Occupying Washington DC would be a great start.

        Choke the area near Congress and the White House.

        Have cops riot against the people in front of the white house, invite foreign media.

        Start telling the Militias that republicans have a plan to confiscate guns.

        The path of the righteous man is beset on all sides by the inequities of the selfish and the tyranny of evil men.

        by xxdr zombiexx on Mon Feb 25, 2013 at 05:37:27 AM PST

        [ Parent ]

        •  Back in January, right after the president's (10+ / 0-)

          State of the Union speech, Jeffrey Sachs wrote on the HuffPo blog an entry titled The Vision of the BudgetThe article compared Obama's vision for the future of the country as expressed in the speech and the reality of the budget he was proposing.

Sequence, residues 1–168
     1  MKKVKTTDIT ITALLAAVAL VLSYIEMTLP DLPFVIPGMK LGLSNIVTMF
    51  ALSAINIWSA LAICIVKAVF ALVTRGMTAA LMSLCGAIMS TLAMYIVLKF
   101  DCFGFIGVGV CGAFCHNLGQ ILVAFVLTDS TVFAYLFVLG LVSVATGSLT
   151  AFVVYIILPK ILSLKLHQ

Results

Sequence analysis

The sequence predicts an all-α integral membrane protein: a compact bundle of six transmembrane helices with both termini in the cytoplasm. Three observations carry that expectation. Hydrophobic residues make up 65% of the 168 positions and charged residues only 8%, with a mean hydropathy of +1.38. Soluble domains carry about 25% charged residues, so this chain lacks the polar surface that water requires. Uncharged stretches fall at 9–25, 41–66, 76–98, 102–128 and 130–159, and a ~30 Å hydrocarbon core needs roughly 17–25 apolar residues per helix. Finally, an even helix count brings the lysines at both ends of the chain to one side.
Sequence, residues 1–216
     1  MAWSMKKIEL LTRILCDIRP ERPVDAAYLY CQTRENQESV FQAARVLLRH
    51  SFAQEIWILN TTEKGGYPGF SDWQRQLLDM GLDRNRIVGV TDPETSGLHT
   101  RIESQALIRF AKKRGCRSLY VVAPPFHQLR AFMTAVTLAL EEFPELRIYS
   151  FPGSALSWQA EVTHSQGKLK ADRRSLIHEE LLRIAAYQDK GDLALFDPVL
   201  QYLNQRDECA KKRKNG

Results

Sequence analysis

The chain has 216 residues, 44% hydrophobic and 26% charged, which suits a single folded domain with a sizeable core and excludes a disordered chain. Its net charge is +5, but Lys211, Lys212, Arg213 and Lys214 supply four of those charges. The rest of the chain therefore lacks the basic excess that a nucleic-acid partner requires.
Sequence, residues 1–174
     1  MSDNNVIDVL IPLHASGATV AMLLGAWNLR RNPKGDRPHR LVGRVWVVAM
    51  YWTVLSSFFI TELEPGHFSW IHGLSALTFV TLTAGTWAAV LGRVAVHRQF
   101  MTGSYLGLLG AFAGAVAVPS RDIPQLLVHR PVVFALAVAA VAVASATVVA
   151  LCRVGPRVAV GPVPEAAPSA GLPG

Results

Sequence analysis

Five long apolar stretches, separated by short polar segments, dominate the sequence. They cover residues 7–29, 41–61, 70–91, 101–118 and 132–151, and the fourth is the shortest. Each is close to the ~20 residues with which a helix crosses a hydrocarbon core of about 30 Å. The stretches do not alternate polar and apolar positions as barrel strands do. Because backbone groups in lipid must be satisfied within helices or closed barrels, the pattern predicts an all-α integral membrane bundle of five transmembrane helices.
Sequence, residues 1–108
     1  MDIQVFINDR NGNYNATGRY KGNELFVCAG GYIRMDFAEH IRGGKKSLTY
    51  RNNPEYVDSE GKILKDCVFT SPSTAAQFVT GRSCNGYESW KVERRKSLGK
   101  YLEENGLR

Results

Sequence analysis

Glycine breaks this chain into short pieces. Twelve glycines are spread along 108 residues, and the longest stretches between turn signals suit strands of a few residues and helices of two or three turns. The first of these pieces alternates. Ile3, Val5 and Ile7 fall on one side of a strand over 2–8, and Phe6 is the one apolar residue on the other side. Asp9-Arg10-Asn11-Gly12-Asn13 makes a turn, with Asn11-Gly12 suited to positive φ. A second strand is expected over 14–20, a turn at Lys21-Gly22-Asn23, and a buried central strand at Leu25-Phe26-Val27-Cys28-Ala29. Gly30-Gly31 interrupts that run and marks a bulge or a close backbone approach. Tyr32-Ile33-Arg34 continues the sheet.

By now, the non-defense discretionary budget of Obama is less than under Bush, measured relative to the size of the economy. It now stands at around 3.4 percent of GDP. (The stimulus package pushed it up temporarily, but then outlays on this budget category came right down again when the temporary stimulus expired). All of the great things that President Obama rightly would like to do are without budget funding. And that's because the Democrats have bought into the Republican tax model in order to win elections.

          Now here's the rub. President Obama seems intent now on a fiscal deal within the next few weeks that will make all of this permanent. All of the great vision and dreams will come to nothing if there is no budget to support them. And yet what is the White House championing?